Freshmen and the Heisman

Why hasn’t a freshman ever won the Heisman?

Well, for starters, save for temporary repeals of the ban by the NCAA during World War II and the Korean War, freshmen weren’t eligible to play varsity football until 1972.

Since 1972, however, freshmen have been at a disadvantage in the race for several reasons.

First, people forget that publicity and name recognition play a huge part in determining the winner. This is an election determined by 925 voters spread out across the country. Yes, players have to get it done on the field but, all things being equal, the player whose exploits and accomplishments are the most well-known and understood wins the award. An upperclassman with a couple seasons under his belt has a natural advantage in this regard. Voters read about him in preseason magazines, and they hear his name bandied about by pundits on television. Over time, the idea of that player as a Heisman candidate is internalized by voters.

Freshmen don’t have that advantage. A freshman challenging for the Heisman must catch fire quickly and, usually, be looked upon as a freak of nature. The only three freshmen to finish in the top three of the Heisman vote were Herschel Walker (1980), Michael Vick (’99) and Adrian Peterson (’04). All three were (rightly) perceived as other-worldly talents at the time.

Is Johnny Manziel seen as a freak? Not like these other guys, perhaps. However, he has a couple of advantages working in his favor that his freshman forebears didn’t. Namely, he plays in the social media era. Twitter, Facebook and the blogosphere do a great job of pushing name recognition and, if all goes right, even a freshman can become all the rage in the college football world. Then, there’s that nickname. With “Johnny Football” being dropped left and right, Manziel should be no stranger to Heisman voters come December (although, it would be even more helpful if A&M let him talk to the media).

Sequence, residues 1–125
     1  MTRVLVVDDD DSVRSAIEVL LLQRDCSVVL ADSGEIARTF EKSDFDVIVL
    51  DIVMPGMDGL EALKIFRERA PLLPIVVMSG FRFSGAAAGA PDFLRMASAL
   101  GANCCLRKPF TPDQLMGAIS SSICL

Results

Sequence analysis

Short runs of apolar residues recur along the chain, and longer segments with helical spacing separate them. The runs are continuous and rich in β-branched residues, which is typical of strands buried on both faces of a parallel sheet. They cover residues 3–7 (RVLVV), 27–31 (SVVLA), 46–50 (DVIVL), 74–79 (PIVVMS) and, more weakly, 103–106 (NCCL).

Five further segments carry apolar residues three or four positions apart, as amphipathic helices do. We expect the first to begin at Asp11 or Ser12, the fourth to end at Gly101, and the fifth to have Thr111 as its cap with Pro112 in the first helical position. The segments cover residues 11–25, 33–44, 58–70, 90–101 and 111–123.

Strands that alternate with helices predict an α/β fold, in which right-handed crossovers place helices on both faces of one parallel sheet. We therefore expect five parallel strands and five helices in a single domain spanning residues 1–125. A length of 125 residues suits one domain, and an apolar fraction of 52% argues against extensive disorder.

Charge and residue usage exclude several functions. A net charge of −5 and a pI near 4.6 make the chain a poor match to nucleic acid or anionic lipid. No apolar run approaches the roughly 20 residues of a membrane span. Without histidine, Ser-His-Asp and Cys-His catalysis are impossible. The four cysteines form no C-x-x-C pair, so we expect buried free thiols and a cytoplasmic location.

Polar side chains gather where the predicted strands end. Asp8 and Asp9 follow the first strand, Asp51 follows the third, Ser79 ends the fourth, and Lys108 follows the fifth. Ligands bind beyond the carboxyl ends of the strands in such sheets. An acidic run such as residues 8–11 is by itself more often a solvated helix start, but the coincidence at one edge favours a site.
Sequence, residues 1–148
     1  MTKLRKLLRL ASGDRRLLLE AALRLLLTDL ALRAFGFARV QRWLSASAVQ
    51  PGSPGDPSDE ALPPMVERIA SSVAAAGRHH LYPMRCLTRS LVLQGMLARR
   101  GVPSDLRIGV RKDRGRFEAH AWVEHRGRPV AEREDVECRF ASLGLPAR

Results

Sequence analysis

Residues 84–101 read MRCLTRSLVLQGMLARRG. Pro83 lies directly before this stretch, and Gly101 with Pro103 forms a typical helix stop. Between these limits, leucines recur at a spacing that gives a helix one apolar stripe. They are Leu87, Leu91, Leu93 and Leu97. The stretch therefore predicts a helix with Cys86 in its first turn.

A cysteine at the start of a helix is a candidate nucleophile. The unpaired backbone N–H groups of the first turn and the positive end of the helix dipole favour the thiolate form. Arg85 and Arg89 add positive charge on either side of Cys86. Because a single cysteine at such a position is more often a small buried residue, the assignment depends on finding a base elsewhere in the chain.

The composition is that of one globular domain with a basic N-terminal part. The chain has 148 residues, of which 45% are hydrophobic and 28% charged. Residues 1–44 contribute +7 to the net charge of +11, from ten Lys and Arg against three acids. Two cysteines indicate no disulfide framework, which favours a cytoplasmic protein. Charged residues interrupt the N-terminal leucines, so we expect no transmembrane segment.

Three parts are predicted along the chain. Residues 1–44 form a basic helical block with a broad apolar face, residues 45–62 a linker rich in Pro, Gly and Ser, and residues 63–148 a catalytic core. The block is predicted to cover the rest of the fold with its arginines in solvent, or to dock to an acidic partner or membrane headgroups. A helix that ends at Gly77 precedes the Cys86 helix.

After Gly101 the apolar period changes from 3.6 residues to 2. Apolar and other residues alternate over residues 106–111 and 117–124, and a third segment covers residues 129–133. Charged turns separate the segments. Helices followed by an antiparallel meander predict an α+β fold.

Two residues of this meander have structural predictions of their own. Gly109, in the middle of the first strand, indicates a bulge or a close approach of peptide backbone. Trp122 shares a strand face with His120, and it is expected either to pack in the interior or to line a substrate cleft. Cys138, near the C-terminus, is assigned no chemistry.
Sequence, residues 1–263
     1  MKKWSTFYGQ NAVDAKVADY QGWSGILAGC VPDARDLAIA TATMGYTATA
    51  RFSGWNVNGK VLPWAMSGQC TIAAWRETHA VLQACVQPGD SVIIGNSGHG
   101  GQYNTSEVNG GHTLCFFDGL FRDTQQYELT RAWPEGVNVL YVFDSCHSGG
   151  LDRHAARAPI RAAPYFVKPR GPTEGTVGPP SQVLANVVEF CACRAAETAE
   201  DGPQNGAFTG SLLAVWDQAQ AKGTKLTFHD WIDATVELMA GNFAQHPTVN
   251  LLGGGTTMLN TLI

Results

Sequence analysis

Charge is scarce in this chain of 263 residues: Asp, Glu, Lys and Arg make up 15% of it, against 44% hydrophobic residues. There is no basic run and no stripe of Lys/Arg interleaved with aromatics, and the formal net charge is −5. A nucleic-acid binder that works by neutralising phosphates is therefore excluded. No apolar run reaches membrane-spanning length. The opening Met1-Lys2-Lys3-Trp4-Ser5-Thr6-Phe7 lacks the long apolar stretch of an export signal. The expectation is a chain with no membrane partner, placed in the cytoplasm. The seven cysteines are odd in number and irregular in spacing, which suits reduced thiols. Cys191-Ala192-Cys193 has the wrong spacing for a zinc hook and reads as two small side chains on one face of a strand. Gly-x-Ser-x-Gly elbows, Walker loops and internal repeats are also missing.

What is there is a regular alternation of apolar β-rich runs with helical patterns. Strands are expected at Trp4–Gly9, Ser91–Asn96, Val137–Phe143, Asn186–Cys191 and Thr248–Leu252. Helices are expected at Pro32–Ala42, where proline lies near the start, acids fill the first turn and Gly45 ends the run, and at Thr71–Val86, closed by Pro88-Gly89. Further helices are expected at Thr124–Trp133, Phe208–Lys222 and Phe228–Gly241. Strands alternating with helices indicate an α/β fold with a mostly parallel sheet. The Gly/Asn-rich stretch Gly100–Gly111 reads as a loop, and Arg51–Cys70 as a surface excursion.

But then there are the voters themselves. They can be a conservative bunch and very cognizant of history. A question might arise: Is Manziel so good that he — not Walker, Vick or Peterson — should be the first freshman to win it? It’s a tough standard to beat. Then there is the notion that voters have three more years to vote for Manziel, but this will be their only chance to appreciate, say, a Collin Klein or a Kenjon Barner.

If I had to venture a guess, it adds up to Manziel finishing a strong second. But “Johnny Football” has beaten the odds before.

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About Heismanpundit

Chris Huston, A.K.A. ‘The Heisman Pundit‘, is a Heisman voter and the creator and publisher of, a site dedicated to analysis of the Heisman Trophy and college football. Dubbed “the foremost authority on the Heisman” by Sports Illustrated, HP is regularly quoted or cited during football season in newspapers across the country. He is also a regular contributor on sports talk radio and television.

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2 Responses to Freshmen and the Heisman

  1. TC November 13, 2012 at 12:45 pm #

    THIS is a great article. I still hate the “we could vote for him in the years to come” argument. However, the rest of the article makes a lot of sense…

    Some things to note:
    Johnny Manziel rushing yards: 1,014
    Herschel Walker rushing yards: 1,616
    Adrian Peterson rushing yards: 1,925 (the all-time freshman record)
    Michael Vick passing/rushing yards: 2065/585

    Manziel has 1,144 yards of total offense more than Vick did his “Heisman” candidate season, he has a higher passer pct (67.6 vs. 58), and he’s accounted for 12 more touchdowns. All this… and he still has two games left to play.

    These four players have something in common. They scramble/run very well. Peterson holds the freshman record, and Vick holds the NFL QB record for season rushing. I think Manziel would be great company on this list.

    While he might not be seen publicly as a “freak”… Manziel has quietly put up these numbers against some of the Nation’s best defenses.


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